Office health presentation (ergonomics)


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  • Basically, it’s the science of fitting jobs to people. Ergonomic design is focuses on the design of the workplace (i.e. work tasks, equipment, and environment) for the safe and efficient use by workers.
  • Similar to the positions achieved when lying in the pool or floating in space. Point out people that aren’t in neutral position (i.e., slouched in chair, leaning to one side)
  • Repetitive Stress: caused by performing actions again and again. Causes tears in tissue, which becomes inflamed. (Tendentious, Carpal Tunnel Syndrome, Rotator Cuff injury) -Inputting data, Playing tennis, frequent use of mouse Awkward Positions: Bending, Twisting, & reaching. Places extra load on muscles, joints, & tendons. Cause pains and strains. -Bending: Leaning forward towards screen, Twisting: Turning to read copies while keying, Reaching: Long stretch to mouse or phone. Contact Stress: prolonged pressure on a part of your body. Causes pain & numbness; restricts circulation. - arms pressed on edge of desk, thumb makes contact with mouse pad, keyboard contacting legs, legs contacting chair (calf area). Visual Fatigue: Causes stress on eyes (eye strain, blurred vision, headaches, muscle pain) Static work – Forceful exertions –amount of tension our muscles generate. (i.e., tilting head backward or forward of neutral, vertical position Removed from original presentation: Repetition Sustained static exertions Forceful exertions Localized contact stress Posture
  • Caused by repetitive motions over a prolonged period of time. Very common in assembly line work and jobs that require continuous typing.
  • Surgery involves severing the band of tissue around the wrist to reduce pressure on the median nerve. Although uncommon, symptoms can recur.
  • Proper fitting mouse. Small mouse for big hands normally doesn’t work well. Have audience hold wrist with opposite hand and wiggle wrist from side to side. Hear any popping? -The wrist is a hinge joint; it’s not meant to move side to side. -Use arm to move mouse instead of wrist.
  • Adjustable chairs, keyboards, monitors
  • Phone book, 3-ring binder -Feet need to rest flat on the floor!!! Cuts off circulation: hanging feet & Crossed legs
  • Shoulder stretches, calve stretches, CEO position (hands behind head, push chin straight back. Recommended at least twice a day, morning and afternoon.
  • Office health presentation (ergonomics)

    1. 1. Office Health
    2. 2. Office Workstation <ul><li>Risk Factors </li></ul><ul><li>Types of Injuries </li></ul><ul><li>Workstation Design </li></ul><ul><li>Exercises </li></ul>
    3. 3. ERGONOMICS? <ul><li>The Relationship of People to their tools, task, and environment </li></ul>
    4. 4. Neutral Posture <ul><li>Defined as the position our bodies take in the absence of gravity </li></ul><ul><li>Position in which repetitive injury is least likely to occur. </li></ul>
    5. 5. Major Risk Factors
    6. 6. Carpal Tunnel Syndrome <ul><li>When lining around tendons is inflamed there is less space for the nerve and it becomes compressed </li></ul>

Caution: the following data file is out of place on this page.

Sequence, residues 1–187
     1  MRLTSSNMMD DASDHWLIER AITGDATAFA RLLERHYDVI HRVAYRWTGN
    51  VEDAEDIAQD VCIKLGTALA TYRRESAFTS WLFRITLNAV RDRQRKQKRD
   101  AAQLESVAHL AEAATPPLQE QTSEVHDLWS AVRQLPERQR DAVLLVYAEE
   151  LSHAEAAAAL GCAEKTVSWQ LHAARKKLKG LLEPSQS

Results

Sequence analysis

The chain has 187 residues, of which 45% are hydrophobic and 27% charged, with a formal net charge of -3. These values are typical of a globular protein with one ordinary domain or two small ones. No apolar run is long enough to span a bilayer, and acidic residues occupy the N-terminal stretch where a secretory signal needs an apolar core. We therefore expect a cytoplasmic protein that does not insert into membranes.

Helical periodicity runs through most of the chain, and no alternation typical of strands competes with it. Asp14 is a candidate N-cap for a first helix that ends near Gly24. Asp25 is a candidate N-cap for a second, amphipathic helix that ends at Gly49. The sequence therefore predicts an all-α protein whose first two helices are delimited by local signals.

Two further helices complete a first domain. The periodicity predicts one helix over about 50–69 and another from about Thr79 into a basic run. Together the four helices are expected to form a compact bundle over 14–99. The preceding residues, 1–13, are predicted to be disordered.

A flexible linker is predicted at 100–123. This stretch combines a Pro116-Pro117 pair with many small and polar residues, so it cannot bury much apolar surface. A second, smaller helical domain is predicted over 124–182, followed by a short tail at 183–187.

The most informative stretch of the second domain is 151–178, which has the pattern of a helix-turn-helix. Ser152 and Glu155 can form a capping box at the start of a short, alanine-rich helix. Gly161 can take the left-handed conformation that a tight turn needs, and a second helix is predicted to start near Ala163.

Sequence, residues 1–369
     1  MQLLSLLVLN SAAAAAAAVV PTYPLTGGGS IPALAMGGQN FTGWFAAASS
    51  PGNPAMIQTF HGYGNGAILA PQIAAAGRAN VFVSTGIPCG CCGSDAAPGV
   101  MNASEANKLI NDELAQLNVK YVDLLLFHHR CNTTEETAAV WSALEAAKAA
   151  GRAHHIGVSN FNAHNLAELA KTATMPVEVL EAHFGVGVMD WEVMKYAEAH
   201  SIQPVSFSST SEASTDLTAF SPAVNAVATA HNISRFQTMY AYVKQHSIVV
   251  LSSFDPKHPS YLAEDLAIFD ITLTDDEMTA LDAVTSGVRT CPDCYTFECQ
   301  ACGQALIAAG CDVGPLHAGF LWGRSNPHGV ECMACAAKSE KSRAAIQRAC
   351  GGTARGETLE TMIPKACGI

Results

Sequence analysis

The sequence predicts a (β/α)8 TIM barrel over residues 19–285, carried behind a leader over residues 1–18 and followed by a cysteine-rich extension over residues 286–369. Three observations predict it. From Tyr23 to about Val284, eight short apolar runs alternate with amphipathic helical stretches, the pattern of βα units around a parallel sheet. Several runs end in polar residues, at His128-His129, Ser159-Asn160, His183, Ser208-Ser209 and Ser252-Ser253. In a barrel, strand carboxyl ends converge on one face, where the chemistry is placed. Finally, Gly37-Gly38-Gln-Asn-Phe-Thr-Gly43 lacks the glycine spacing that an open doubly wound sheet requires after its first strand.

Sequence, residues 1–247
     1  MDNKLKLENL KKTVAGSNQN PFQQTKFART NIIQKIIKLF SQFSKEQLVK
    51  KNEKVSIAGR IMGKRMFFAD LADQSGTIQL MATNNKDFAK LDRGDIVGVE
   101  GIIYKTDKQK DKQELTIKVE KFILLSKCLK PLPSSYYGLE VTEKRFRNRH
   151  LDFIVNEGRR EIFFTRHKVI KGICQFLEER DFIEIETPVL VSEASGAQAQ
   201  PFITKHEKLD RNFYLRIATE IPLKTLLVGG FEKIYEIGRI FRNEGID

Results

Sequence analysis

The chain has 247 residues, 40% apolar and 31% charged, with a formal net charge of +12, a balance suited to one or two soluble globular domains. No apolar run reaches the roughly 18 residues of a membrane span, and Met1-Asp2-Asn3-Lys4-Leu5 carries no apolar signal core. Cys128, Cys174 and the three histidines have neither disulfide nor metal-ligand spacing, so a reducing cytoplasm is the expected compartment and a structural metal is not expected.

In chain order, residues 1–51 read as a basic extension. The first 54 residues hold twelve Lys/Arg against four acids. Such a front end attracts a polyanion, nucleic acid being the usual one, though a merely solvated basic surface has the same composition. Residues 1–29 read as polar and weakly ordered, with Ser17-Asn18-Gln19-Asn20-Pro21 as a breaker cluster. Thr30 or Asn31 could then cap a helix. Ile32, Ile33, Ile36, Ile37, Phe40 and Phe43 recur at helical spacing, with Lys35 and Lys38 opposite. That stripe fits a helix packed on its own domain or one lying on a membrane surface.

7. 7. Carpal Tunnel Syndrome Symptoms: pain, weakness, and/or numbness; difficulty making fist, gripping small objects. Treatment: (minor to severe) *Rest, periodic icing, immobilization *Modify activities *Surgery “Carpal Tunnel Release”
    8. 8. Workstation Design <ul><li>Chair </li></ul><ul><li>Monitor </li></ul><ul><li>Keyboard </li></ul><ul><li>Mouse </li></ul><ul><li>Desk </li></ul>
    9. 9. Sitting <ul><li>Head is balanced naturally over the shoulders </li></ul><ul><li>Shoulders relaxed, not hunched </li></ul><ul><li>Forearms and thighs parallel to the floor, </li></ul><ul><li>Feet positioned flat on floor. </li></ul>
    10. 10. Monitor Position <ul><li>Directly in front of the body </li></ul><ul><li>20-40 inches away from body (arm’s length) </li></ul><ul><li>Top of monitor about eye level, or slightly below </li></ul>
    11. 11. Wrist and Hands <ul><li>Position should be where wrist are neutral </li></ul><ul><li>Wrist straight, not bent or twisted. </li></ul><ul><li>New styles of keyboards designed to promote neutral posture </li></ul>
    12. 12. Mouse <ul><li>Should be at the same level and distance as the keyboard </li></ul><ul><li>New mouse designs require less index finger work </li></ul>
    13. 13. Desk <ul><li>Least flexible component </li></ul><ul><li>Obtain accessories to make due with existing furnishings </li></ul>
    14. 14. Other Accessories That May Help <ul><li>Wrist rest </li></ul><ul><ul><li>Should be used only during pauses, not during typing </li></ul></ul><ul><ul><li>Should be made of gel so that it will be resistant to permanent indentations </li></ul></ul>
    15. 15. Other Accessories <ul><li>Document holder </li></ul><ul><ul><li>Should be same level and distance as the monitor. </li></ul></ul><ul><ul><li>(preferably mounted to monitor) </li></ul></ul>
    16. 16. Other Accessories <ul><li>Telephone head set </li></ul><ul><ul><li>Prevents neck extension while cradling telephone with shoulder </li></ul></ul>
    17. 17. Other Accessories <ul><li>Foot Rest </li></ul><ul><ul><li>If you have trouble keeping your feet on the floor, try a foot rest </li></ul></ul>
    18. 18. What’s Wrong?
    19. 19. What’s Wrong?
    20. 20. Exercises <ul><li>Stress ball </li></ul><ul><li>Wrist curls </li></ul><ul><li>Shoulder presses </li></ul><ul><li>Shoulder shrugs </li></ul><ul><li>Arm circles </li></ul><ul><li>Prayer stretches </li></ul>
    21. 21. Conclusion <ul><li>If you are experiencing symptoms of MSD’s, notify your supv. & see your doctor </li></ul><ul><li>Take an active role in designing your workspace to prevent injuries </li></ul><ul><li>Strengthen and improve flexibility </li></ul><ul><li>Put practices to work in office and at home. </li></ul>
    22. 22. Office Health Thanks for attending!!! Presented by: